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'Beth Cooper' is super bad, not 'Superbad'

"I Love You, Beth Cooper" is the title.  Middle-aged men trying to rekindle real or imagined memories of wild high school-age debauchery could be the reason it all falls flat.

Who among us hasn't thought back on, or perhaps forward to that wild graduation night.  After all the diplomas have been handed out and the obligatory pictures with mom and dad are safely locked inside the family camera, it's wild-ass party time, right?

That actually didn't happen to me, or perhaps not to you either.  I marched right into college summer-session the morning after high school graduation to get a head start on my career. 
(I did that for this?  Never mind, I'll work that out with my therapist later.)

The point is, we can all dream a little and pretend we were the cool guys and girls in the hot car zooming away from high school and into adventurous adult life whether it actually transpired or not.

Unfortunately, when humorist, novelist and now screenwriter Larry Doyle teams up with director Chris Columbus to make yet another raunchy teen comedy  along those lines, the creative tires are seriously deflated. 

Anyone who has read Doyle's contributions to The New Yorker's "Shouts and Murmurs" page knows what a gifted comedy writer the former "Simpsons" writer/producer can be.

For some reason, though, this collaboration between the promising writer and the formerly hot filmmaker (Columbus helmed the first two "Harry Potter" adventures) fizzles.

I've got to think that the outtakes to "Superbad," a far superior recent variation on the theme, probably captured unbridled, but uncertain teen excessive indulgence much better than this.

Up and coming actor Paul Rust, who claims to hail from Iowa but needs to be DNA tested as a possible Sean Penn offspring, plays high school dork Denis Cooverman. 
He's been secretly in love with Beth Cooper (Hayden Panettiere of "Heroes" on TV) for years, although he's never quite summoned the nerve to speak one word to her.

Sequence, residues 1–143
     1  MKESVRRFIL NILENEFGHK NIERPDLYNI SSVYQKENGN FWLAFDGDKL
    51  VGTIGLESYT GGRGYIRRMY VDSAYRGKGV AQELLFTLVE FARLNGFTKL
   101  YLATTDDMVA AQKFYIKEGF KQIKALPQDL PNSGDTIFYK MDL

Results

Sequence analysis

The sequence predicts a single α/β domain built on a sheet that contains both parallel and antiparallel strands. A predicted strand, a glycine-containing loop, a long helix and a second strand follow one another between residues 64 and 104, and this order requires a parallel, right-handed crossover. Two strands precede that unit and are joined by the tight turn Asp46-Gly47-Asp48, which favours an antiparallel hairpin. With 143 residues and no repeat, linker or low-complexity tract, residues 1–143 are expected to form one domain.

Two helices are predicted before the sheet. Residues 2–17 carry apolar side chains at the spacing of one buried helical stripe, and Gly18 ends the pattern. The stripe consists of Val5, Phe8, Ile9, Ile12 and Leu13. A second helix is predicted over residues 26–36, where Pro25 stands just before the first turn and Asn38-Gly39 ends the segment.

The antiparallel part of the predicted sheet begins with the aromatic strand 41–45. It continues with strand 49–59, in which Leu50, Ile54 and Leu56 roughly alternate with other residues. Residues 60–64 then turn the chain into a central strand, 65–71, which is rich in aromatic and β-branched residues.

So in his valedictorian speech, Denis professes his love for the head cheerleader who fills his heart and the ceiling over his bed (in poster form).  Kevin (Shawn Roberts), Beth's square-necked, military boyfriend with double-digit intelligence, doesn't appreciate Denis gushing love for "his girl" in front of a graduation ceremony crowd.

So off we go on a wild night where Denis gets savagely beaten more than once, cars crash through mansion plate glass windows and even some parents get caught with their pants down.

Doyle and Columbus never intended this comic bottom-feeder to be a documentary, of course.  But the ease in which these kids buy booze and wreak havoc doesn't summon up the usual line of "Where are you going to college?"  The question here should be, "When do you expect to get out of prison?"

Rust, who does all he can here with scant material, is a young actor with range who bears watching.  Not just in Quentin Tarantino's upcoming "Inglourious Basterds," but beyond as well. 
Panettiere proved she can hold our attention on the big screen in "Ice Princess."  There's not much for her to do here but pout and shout, although she handles that with ease.

As for Doyle and Columbus, two thoughts: 
"I Love You, Beth Cooper" pretty much seals the deal on the thought that novelists should write their own screenplays only in the event every other screenwriter has been wiped off the planet by a mysterious plague like ... what's the word, what's the phrase? ... oh yeah, writer's block.

Secondly, I knew Columbus had discovered nothing promising here when I realized early on that I liked this boring teen romp less than the director's uninspired screen version of "Rent."


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